If you’re short on cash in retirement but do have equity in your home, you might want to get a reverse mortgage, says Jane Bryant Quinn, author of How to Make Your Money Last: The Indispensable Retirement Guide. New rules for reverse mortgages have removed some of the pitfalls that made them problematic in the past.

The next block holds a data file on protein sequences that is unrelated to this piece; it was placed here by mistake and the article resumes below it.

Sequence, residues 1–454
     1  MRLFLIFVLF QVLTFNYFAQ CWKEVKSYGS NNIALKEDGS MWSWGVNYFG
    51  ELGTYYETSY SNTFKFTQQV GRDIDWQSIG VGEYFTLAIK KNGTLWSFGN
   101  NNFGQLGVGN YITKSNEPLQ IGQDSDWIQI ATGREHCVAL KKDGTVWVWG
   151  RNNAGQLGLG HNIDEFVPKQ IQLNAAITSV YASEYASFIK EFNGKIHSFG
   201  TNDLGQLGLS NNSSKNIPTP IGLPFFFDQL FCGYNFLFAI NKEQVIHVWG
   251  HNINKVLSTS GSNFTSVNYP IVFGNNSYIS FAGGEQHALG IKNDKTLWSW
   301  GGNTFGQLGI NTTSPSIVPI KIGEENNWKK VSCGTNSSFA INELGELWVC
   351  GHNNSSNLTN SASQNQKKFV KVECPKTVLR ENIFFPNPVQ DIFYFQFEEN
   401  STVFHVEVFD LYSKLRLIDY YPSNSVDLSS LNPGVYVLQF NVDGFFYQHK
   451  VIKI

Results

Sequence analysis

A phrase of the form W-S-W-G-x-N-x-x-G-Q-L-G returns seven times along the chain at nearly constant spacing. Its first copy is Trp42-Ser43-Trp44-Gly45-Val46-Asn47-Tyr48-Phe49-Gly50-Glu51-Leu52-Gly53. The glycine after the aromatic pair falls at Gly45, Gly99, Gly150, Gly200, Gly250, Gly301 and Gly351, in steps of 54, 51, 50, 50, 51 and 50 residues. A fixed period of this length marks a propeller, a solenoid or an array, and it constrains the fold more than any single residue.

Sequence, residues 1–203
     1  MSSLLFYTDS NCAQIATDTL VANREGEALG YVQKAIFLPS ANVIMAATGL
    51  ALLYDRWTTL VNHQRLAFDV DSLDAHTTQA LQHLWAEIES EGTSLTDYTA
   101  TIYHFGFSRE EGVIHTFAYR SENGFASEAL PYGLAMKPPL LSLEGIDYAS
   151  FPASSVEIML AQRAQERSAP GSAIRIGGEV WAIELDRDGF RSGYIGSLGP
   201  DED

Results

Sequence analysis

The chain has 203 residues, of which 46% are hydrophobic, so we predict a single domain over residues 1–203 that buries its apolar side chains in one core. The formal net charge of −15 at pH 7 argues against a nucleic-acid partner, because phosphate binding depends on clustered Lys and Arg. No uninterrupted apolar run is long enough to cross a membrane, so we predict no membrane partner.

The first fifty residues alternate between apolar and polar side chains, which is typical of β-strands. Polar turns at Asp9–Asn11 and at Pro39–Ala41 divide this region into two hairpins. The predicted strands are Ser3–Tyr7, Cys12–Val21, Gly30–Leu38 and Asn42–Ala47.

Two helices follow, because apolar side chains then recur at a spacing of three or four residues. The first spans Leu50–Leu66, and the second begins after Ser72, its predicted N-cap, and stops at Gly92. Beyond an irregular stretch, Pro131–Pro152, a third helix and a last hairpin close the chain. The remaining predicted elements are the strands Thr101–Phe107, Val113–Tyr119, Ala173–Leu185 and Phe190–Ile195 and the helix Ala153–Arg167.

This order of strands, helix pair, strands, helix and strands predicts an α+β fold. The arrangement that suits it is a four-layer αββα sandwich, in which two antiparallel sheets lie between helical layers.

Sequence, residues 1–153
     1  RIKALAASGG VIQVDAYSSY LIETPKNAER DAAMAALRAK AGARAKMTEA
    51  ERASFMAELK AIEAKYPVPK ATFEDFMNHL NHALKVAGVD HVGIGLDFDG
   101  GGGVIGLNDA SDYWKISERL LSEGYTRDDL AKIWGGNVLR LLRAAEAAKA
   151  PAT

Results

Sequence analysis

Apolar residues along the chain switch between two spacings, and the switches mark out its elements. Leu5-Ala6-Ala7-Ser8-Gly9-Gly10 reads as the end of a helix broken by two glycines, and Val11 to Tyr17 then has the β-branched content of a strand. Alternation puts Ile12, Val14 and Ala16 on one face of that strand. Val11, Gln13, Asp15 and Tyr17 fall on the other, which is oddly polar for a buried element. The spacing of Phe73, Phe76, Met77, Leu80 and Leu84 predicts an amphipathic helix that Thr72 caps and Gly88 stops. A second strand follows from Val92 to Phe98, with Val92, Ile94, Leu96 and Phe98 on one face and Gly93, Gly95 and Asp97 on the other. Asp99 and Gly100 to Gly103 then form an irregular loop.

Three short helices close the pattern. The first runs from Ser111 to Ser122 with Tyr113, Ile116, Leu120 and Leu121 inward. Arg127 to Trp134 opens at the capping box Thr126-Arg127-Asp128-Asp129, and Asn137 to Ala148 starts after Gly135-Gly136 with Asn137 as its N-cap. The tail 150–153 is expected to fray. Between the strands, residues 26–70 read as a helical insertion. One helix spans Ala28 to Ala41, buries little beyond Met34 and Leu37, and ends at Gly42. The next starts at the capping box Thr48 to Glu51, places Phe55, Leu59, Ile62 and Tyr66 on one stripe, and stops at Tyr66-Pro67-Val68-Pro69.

The rules for reverse mortgages have certainly changed. The program is much safer than in the past primarily because FHA has placed parameters on the program that don’t allow homeowners to stray from a constructive path. This has been a very positive move but it takes time for the market to get over the skepticism of the past. The majority of the problems with reverse mortgages, prior to the series of changes that began in October 2013 to protect homeowners, were a result of flagrant and greed based activities initiated by homeowners. For example: Prior to the new program safeguards, if you took all of your available home equity out of your home and blew it on lousy investments, only to turn to the media and say “look what the program did to me”, this gave the program a bad rap. This also created unfair skepticism that clouded the program for all potential borrowers. Today the rules of the program have changed. It’s also, as touched on by the author, a growth vehicle for your untapped home equity that can create stability in retirement.
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